The battle with squirrels begins as soon as the first bird feeder is hung.
Their ability to hang upside down and contort their bodies in seemingly hundreds of forms makes the battle much like the Roadrunner and Wiley Coyote.
While many people enjoy watching them and their antics, this article is for those who want to know how to keep them off their bird feeders.
Our major focus is to prevent them from getting at our sunflower seed feeders.
This type of seed can be more expensive and attracts the greatest variety of birds. We want to limit the seed to just the birds.
If you use nyjer (thistle) seed, you'll have no problems with squirrels, as they are less interested in dining on the nyjer seed.
The problem with offering only nyjer seed is you limit the species of birds visiting your feeders.
There are two primary goals we are trying to accomplish:
1) Keeping them from reaching our sunflower feeders, and (2) Should they reach them, keeping them from damaging the feeder by chewing it apart.
(1) Begin by surveying the site where you want to place your feeder. Bird feeders should be 8 feet away from any tree trunk, limb, or rooftop.
Place feeders at least 5-6 feet above the ground.
(2) Baffles - baffles are round umbrella-shaped barriers that are placed either above a hanging feeder or below a pole-mounted feeder.
On pole-mounted feeders, baffles need to be at least 4 feet up on the pole. Five feet above ground is even better.
(3) Another method you might consider is using PVC pipe, available at local building supply stores. They can't climb on the PVC pipe if its diameter is large enough.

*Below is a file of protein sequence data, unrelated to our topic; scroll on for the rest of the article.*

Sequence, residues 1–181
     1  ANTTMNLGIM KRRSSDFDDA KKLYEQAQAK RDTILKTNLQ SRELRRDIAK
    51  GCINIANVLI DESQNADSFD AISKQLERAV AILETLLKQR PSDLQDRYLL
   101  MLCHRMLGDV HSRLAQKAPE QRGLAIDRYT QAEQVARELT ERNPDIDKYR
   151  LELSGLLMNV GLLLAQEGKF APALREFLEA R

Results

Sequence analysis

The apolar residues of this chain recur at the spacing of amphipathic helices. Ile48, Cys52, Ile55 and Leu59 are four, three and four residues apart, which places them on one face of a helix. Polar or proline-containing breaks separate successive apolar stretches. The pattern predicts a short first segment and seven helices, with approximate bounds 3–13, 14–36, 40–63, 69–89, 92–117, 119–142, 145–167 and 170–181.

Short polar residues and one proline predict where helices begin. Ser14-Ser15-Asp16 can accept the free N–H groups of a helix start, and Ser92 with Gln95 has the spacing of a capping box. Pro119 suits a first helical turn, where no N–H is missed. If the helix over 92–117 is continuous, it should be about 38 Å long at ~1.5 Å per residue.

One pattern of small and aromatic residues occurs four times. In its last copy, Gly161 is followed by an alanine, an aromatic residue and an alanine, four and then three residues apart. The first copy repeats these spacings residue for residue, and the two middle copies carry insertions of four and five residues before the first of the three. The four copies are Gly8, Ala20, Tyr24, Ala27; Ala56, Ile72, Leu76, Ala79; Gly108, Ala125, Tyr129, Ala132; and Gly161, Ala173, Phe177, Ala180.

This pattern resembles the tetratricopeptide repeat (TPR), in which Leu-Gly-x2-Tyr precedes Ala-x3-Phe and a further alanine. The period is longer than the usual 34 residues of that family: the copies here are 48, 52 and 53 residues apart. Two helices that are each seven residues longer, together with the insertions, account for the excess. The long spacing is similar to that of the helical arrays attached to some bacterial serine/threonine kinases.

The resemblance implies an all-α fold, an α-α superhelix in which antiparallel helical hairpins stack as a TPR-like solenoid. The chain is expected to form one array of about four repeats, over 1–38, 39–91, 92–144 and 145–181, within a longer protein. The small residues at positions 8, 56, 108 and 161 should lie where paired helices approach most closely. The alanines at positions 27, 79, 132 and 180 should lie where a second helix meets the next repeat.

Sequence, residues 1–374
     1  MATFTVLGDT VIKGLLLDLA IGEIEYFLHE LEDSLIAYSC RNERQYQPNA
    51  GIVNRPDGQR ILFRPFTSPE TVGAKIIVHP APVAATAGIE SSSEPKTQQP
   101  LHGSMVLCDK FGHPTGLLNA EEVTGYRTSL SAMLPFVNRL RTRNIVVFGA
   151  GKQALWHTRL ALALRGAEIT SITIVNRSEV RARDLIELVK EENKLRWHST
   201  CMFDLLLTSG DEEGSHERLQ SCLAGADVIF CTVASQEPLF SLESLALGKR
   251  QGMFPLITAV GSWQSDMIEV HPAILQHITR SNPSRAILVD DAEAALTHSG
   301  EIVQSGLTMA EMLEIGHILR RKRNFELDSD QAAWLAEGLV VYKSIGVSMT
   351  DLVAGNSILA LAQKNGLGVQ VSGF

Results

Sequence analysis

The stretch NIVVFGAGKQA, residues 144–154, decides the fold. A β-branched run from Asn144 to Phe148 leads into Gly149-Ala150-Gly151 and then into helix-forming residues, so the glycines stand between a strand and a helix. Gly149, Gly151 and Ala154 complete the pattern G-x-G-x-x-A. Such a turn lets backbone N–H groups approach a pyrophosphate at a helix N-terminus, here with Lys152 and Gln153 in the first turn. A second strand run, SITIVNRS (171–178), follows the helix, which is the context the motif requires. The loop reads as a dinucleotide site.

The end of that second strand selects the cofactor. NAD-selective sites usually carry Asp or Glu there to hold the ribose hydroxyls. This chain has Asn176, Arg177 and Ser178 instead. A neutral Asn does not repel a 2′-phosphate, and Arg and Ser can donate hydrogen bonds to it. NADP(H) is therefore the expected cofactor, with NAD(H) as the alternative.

Using an 8-inch diameter PVC pipe 6 feet long and 1 treated 4 x 4 x 8 post.
Place the treated fence post 2 feet in the ground and slide the pipe over the post. Attach the feeder to the 4 x 4 post.
Remember to place feeders far enough from overhanging tree branches and rooftops to keep them from jumping to the feeder.
Bird feeders made from wood are the most susceptible to damage and are easily torn apart by the teeth of these animals.
Try using the methods above to deter them from destroying your feeders,
Once they can reach your wooden feeder, they'll make quick work of chewing it apart to get at the birdseed.
Look for feeders that are made from tough plastic such as Lexan, as well as metal-reinforced portals where the birds get the seed.
Another good choice is a plastic tubular feeder surrounded by a grid of vinyl-coated wire.
Hung from a branch with a baffle on top has worked very well in preventing squirrels from eating.
One of my favorites is made of steel and has a spring-loaded platform on which the weight of the squirrel or large bird will close the feeder door.
This type of feeder can be placed just about anywhere. While it can be a bit pricey, this unit will last for years and is an excellent investment. See one here: Spring-Loaded.
This type also allows room for birds like Cardinals to feed from.
Another design offered by Droll Yankee, a well-known supplier of bird feeders, is the Droll Yankees Flipper
This feeder is squirrel-proof and almost more fun to watch the squirrels try to get at the seed than watching the birds, well, almost.
Accept that these creatures are a part of nature and offer cracked corn on low-platform feeders for them.
Cracked or Whole Kernel Corn is inexpensive and can be found at farm supply stores and most places that offer bird seed.
When using corn, placed it close to the ground away from your bird feeders to draw them away.
Another option is to use Diversion Feeders. These are feeders that will attract them away from your bird feeders.
Who knows, maybe you'll come to enjoy their activity on a wintry day when there seems to be no other life in the great outdoors.
Be sure to visit our Squirrel Proof Feeders page for more ideas and types of feeders.
The Habits of The Red Squirrels